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The Yankees are pretty good on the basepaths, too

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Everybody is talking about how the Yankees will hit, but it should be noted that they can run, too.

New York Yankees v Arizona Diamondbacks
Photo by Norm Hall/Getty Images

One aspect of the 2017 Yankees that is, at least to my eyes, relatively unheralded is how well-rounded they were. Understandably, their power-packed lineup and monstrous bullpen conglomerate received most of the media attention. The Yankees also boasted a top-10 rotation in MLB by fWAR, just a hair behind the Astros' starting corps. Their only weakness was their defense, and even in that area they were more subpar than outright awful.

What truly took me by surprise, though, was their baserunning statistics. FanGraphs carries a stat called BsR, which converts a given player's baserunning performance (stolen bases, advancing on hits/sacrifices, avoiding double plays) into runs above (or below) average. These are the 2017 rankings for team BsR:

Team BsR, 2017 (data from

The Yankees ranked in 5th place with 10.6 baserunning runs above average, just ahead of Cleveland's 9.9 mark. If you had asked me which of the two teams was better on the bases before I looked up the numbers, I would have put money on Cleveland. Thank goodness you didn't, and thank goodness time travel doesn't exist - or does it?.

Who were the main culprits? Unsurprisingly, they were Brett Gardner and Jacoby Ellsbury, who combined for over 10 runs above average all by themselves. Didi Gregorius and Aaron Hicks were no slouches either, posting marks of 3.3 and 2.5, respectively. These four players are all known for their speed, so it makes intuitive sense that the numbers like them.

It would be unfair to the rest of the Yankees, however, to ignore their performances completely. For while no other Yankee posted a BsR of over 2.0, there were none who were outright awful. Of the players who accrued at least 300 plate appearances for the Yankees in 2017, only Matt Holliday posted a BsR under two runs below average. The next worst baserunner was Gary Sanchez, who managed a below average but totally acceptable -1.4 mark. Every other Yankees starter was either average or above it. Thus, the 2017 Yankees' baserunning prowess wasn't driven by a handful of players; rather, it was a team effort.

In my opinion, the Yankees' avoidance of awful baserunning is the result of their relatively conservative team-wide approach on the basepaths. When stealing bases, the Yankees are extremely smart about picking their spots. This is borne out by their extremely low caught stealing totals (22, third-fewest in MLB in 2017) relative to their stolen base total (90, 12th-most in MLB). In fact, no other team that stole more than 90 bases was caught stealing fewer than 28 times. It's safe to say that when a Yankee decides to steal or gets a green light from the bench, either he or the coaches are pretty sure about their chances.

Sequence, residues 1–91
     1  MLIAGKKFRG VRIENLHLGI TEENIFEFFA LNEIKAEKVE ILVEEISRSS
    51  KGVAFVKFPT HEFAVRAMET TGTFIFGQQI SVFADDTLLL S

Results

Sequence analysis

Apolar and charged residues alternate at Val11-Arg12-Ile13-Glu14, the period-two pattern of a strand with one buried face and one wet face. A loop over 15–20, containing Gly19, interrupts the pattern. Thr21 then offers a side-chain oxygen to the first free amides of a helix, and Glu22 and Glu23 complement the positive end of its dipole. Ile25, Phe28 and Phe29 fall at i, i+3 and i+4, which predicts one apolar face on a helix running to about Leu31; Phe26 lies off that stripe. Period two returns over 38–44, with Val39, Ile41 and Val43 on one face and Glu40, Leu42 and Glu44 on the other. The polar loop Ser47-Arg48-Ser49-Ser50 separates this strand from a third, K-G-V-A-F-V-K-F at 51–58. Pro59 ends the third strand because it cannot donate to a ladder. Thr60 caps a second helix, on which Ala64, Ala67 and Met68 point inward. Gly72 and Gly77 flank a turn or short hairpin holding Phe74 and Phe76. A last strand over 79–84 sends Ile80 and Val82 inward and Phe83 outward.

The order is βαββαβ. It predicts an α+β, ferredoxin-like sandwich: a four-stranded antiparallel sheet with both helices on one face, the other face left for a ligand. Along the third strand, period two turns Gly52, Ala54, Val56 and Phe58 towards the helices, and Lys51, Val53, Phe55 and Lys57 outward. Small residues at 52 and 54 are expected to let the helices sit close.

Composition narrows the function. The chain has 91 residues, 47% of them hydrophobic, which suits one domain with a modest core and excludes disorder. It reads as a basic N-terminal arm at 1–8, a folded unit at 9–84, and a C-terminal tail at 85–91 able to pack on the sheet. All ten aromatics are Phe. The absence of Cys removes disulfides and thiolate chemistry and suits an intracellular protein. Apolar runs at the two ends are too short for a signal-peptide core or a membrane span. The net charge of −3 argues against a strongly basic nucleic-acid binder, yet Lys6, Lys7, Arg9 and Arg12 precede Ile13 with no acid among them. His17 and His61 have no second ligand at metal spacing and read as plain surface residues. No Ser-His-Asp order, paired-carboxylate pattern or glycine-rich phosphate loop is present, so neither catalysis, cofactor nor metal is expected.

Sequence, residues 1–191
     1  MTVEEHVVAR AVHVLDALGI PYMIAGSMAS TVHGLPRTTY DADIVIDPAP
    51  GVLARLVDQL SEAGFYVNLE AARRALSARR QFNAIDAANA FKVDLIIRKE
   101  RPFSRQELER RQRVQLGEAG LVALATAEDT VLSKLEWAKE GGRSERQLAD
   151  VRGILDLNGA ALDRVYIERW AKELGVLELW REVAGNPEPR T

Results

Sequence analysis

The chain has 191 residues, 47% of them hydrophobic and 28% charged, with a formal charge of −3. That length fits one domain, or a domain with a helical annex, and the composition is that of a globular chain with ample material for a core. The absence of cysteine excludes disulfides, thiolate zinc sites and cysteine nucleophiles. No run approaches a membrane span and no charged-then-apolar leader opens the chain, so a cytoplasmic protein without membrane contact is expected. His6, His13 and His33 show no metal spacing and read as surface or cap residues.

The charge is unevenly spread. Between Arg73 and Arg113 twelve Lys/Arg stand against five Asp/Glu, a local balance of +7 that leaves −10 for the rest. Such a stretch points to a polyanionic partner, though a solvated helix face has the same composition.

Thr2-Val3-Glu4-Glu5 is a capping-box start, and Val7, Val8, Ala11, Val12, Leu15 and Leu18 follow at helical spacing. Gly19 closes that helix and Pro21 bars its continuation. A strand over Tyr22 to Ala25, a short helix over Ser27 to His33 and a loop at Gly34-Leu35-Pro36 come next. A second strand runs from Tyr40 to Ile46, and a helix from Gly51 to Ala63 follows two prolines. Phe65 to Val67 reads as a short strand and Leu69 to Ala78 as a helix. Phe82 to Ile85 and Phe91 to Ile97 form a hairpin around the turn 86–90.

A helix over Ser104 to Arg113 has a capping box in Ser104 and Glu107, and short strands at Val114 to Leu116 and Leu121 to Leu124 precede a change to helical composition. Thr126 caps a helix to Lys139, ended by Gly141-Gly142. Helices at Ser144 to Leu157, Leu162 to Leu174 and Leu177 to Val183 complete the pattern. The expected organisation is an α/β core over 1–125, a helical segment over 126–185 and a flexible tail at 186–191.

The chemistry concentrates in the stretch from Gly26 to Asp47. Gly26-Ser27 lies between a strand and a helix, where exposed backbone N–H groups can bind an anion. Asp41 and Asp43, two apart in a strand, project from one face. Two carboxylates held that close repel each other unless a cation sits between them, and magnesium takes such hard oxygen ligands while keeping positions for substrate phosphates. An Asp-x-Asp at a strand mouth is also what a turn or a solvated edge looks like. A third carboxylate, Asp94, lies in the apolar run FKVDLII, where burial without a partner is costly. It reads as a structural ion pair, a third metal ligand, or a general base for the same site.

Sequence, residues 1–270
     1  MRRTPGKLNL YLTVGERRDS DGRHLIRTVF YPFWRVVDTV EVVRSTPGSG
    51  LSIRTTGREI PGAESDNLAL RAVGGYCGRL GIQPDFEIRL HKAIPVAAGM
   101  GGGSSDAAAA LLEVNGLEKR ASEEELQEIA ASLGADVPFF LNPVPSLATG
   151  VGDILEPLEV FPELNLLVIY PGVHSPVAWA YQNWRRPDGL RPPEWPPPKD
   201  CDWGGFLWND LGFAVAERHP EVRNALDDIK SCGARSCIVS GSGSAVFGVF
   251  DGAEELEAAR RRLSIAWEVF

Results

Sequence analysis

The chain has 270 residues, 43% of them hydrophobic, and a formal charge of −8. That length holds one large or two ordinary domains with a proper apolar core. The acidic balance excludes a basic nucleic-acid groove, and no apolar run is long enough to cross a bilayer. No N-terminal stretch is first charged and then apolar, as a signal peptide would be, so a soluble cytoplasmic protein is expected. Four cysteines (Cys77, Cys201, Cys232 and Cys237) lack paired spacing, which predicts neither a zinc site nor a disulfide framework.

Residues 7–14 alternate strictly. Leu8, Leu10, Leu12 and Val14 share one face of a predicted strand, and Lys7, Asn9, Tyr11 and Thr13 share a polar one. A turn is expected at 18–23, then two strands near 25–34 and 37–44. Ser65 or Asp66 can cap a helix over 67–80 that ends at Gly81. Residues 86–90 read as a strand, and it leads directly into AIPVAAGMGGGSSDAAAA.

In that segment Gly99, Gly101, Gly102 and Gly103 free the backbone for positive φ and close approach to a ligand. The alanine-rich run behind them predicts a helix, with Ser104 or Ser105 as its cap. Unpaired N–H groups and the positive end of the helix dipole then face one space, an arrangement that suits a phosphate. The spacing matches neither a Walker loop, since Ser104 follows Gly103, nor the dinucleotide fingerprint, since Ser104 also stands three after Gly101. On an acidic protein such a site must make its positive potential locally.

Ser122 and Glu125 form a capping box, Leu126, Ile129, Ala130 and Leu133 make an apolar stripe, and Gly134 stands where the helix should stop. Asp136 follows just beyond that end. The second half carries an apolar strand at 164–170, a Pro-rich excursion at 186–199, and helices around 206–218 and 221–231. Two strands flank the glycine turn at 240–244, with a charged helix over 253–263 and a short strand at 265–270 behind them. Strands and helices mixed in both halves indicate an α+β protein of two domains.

This conservative, risk-averse approach extends to more general baserunning decisions too. Watching the 2017 Yankees, I was often surprised by how safe they played it on the bases, especially when someone got a hit with a runner on second. Maybe I'm haunted by memories of Rob Thomson doing his best impression of a Dutch windmill at third base, but last year it seemed like Yankees baserunners were held at third way more often than most.

This conservative approach to baserunning is perhaps less exciting and more frustrating than a more aggressive stance, but by the numbers it works best. In general, the gains a team makes by taking a successful baserunning risk is far less than the losses from a gamble gone wrong. This is because by advancing a base you're only increasing your potential to score (unless you're stealing home), while by being TOOTBLAN-ed you're costing your team not only a runner but also an out. By being safe and taking fewer risks, the Yankees are treating their outs carefully, which every smart team should do. And let's face it, when your middle of the order goes Judge-Stanton-Sanchez-Bird, all runners have to do is stay on base until someone dingers you home.

Barring extreme circumstances — like the infield dirt of YSIII being replaced by quicksand in a desperate attempt by Rob Manfred to increase viewership — the Yankees should continue to be a good baserunning team in 2018. Aaron Boone seems like a guy who is reasonably open to sabermetric principles, and the departure of Holliday should be considered addition by subtraction in terms of net baserunning runs. Compared to their other, more obvious strengths, the 2018 Yankees' baserunning probably won't get much attention. In a tight division race where every run counts, though, the Yankees' prowess on the basepaths is sure to come in handy.